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The Daily Wildcat

The Daily Wildcat

 

Foreign students visit less in spring

On Jan. 30, the Office of International Student Programs and Services will host a day trip to Old Tucson Studios for global citizens.

But the turnout could be scant, at least in relation to program attendance seen in the fall.

“”We get way more international students in the fall,”” said Noelle Carampatan, an international student adviser.

At the beginning of the school year, the international student programs and services are more frequently attended by those who have just arrived at the university because the programs are advertized in the orientation booklet, Carampatan said.

There may be fewer new international students in the spring, but there are almost the same number of programs and activities each semester, Carampatan said.

She also said that the program takes students to a UApresents show every semester and typically selects something “”international in flavor.””

The international student programs aim to provide social opportunities as well as critical information for international students. The student orientation covers everything, including how to manage Student Link, register for classes and use services such as banks, Cat Cards and transportation. The program also hosts a bike safety class with the Department of Transportation at La Aldea Residence Hall.

The international students can decide for themselves if they want to participate in specific international student program events.

“”I never tried to be in touch with exchange students or international students, I came here to integrate myself in the American culture,”” said Lorraine Guerra, a psychology senior who moved from France in 2006.

“”I have the International Students Programs and Services sending me e-mails about stuff they do, but I’m not interested. I really want to be part of the American culture and the only way for me to do that is by hanging out with my American friends,”” Guerra added.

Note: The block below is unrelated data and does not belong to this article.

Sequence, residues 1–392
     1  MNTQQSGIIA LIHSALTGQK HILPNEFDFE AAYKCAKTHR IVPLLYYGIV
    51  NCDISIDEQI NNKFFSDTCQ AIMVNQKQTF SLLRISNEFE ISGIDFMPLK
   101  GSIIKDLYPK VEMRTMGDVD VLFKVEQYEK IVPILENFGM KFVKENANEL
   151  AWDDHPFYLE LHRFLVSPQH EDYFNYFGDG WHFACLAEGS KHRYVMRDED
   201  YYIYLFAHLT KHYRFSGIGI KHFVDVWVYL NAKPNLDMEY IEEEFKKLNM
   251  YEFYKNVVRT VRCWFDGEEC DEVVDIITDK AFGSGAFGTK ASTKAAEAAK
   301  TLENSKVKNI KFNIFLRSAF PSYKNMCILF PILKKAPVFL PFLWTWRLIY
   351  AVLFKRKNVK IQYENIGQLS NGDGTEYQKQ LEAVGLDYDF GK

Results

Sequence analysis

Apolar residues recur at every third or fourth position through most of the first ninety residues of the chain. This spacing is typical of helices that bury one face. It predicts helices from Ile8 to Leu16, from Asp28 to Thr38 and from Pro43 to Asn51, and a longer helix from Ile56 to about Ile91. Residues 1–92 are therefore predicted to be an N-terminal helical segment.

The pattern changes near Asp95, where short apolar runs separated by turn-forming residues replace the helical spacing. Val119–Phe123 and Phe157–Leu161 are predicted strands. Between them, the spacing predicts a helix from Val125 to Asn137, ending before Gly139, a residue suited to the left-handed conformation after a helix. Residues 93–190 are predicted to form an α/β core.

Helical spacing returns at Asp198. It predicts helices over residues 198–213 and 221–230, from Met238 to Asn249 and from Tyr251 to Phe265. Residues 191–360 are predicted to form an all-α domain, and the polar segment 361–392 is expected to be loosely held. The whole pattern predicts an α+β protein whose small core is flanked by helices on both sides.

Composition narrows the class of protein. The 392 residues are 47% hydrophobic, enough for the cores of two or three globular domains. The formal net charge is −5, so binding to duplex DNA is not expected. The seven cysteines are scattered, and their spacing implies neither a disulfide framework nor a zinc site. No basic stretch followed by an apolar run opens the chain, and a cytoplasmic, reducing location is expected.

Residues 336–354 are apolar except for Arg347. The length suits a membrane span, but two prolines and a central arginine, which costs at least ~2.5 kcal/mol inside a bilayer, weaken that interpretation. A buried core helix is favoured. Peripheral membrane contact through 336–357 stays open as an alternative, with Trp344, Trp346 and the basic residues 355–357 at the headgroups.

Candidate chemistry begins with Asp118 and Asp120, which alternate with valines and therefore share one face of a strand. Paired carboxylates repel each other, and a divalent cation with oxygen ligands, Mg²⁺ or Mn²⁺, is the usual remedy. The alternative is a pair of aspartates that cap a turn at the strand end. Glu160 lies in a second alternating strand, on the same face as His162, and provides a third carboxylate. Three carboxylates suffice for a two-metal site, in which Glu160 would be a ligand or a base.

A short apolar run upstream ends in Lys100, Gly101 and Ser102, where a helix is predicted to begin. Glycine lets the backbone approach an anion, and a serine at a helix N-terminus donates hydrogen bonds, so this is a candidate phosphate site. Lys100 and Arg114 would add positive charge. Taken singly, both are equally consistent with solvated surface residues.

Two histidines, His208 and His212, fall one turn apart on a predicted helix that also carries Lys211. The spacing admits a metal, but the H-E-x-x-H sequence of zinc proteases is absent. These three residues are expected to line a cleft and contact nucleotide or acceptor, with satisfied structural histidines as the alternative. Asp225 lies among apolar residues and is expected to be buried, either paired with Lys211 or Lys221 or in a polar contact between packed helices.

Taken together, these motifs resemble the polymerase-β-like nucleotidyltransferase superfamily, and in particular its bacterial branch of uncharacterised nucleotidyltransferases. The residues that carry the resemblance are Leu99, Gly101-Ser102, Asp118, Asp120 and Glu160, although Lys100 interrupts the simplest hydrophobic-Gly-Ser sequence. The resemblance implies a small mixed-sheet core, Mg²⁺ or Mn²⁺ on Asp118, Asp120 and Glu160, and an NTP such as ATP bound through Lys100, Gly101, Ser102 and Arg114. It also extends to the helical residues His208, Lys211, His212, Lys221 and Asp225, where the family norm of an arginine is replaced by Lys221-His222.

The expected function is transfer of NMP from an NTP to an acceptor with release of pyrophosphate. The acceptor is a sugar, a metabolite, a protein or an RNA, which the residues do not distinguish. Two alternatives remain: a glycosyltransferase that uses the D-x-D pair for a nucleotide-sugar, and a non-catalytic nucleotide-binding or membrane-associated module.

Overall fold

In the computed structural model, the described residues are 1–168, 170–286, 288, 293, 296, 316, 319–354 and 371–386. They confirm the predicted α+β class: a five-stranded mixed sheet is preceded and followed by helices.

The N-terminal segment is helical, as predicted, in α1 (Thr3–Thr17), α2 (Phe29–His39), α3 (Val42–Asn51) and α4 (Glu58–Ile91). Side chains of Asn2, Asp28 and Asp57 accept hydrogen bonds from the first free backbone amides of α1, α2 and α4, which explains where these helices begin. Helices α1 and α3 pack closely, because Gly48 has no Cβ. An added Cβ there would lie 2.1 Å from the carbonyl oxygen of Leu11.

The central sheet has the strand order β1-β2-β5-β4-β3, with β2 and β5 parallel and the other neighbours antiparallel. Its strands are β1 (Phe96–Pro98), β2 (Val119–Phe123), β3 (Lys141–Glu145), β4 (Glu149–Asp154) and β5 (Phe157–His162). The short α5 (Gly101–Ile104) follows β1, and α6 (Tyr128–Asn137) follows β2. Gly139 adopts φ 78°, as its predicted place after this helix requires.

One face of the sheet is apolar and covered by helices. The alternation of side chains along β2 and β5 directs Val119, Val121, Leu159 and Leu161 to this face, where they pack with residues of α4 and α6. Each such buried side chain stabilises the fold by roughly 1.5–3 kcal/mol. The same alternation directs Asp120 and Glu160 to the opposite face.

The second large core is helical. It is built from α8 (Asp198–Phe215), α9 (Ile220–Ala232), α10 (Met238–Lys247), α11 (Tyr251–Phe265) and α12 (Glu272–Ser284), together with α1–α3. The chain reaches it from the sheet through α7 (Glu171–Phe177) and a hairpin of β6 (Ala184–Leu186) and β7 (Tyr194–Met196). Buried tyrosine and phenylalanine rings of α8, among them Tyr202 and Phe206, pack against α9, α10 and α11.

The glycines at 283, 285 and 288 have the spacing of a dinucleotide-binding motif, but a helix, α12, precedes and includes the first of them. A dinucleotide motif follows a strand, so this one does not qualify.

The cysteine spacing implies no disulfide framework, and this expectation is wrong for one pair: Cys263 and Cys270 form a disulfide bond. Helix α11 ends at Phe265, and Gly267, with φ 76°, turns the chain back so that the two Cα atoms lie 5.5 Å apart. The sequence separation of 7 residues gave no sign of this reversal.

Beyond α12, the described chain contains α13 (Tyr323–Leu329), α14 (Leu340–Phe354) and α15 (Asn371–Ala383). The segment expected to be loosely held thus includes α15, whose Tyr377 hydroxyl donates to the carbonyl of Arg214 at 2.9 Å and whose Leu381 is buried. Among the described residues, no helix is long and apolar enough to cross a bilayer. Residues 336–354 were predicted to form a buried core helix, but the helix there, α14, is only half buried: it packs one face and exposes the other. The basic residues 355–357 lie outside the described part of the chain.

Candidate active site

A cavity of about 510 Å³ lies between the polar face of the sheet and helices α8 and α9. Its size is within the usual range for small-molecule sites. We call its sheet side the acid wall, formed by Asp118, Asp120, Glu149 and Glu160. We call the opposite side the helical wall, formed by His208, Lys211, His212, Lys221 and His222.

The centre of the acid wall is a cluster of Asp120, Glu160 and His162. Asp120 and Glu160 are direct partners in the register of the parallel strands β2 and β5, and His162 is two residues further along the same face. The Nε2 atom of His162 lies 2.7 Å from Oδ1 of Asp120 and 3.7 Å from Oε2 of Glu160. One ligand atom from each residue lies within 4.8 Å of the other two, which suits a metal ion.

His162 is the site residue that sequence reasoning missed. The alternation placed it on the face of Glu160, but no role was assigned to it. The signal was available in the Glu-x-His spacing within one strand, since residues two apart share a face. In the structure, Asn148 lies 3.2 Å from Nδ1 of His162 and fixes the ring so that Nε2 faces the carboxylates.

Other students maintain their sense of culture by joining international-related clubs.

“”I am a member of Malaysian Club, and I worked for ISPS (International Student Programs and Services) for the summer to help them out with International Student Orientation,”” said Husna Diyana Hafit, a geosciences junior from Malaysia. “”I also joined the International Friends Club, where I meet up with new people, and I also made friends with an American. We’ve seen each other, shared information about Malaysia and the United States, and I am so happy with this friendship.””

Aside from participating in international student programs and services, these students are welcome to apply to live in residence halls or move off campus.

“”I lived in Manzanita-Mohave for the first two months of the semester and then moved into a house with a friend,”” said Dunja Nedic, a former exchange student from Australia.

“”Living in the dorms definitely made it a lot easier to make friends, especially with locals,”” Nedic said. “”It was odd being bound by more restrictions than I’ve ever really had, even living with my parents, and I was older than pretty much everyone else in the dorm.””

Guerra agreed that it was difficult to adjust to dorm life.

“”Dorms have a reputation of being noisy, and I like quiet places, I like to be alone, I like to spend time by myself reading or doing something else, and this would have never been possible in a dorm. And by living by myself, I have my kitchen, my bathroom and more,”” Guerra said.

Wherever the international students live, they can use the International Student Programs and Services for activities. 

“”Right now we’re trying to work with Pima Community College to see if we can work with international students there for solidarity,”” Carampatan said.

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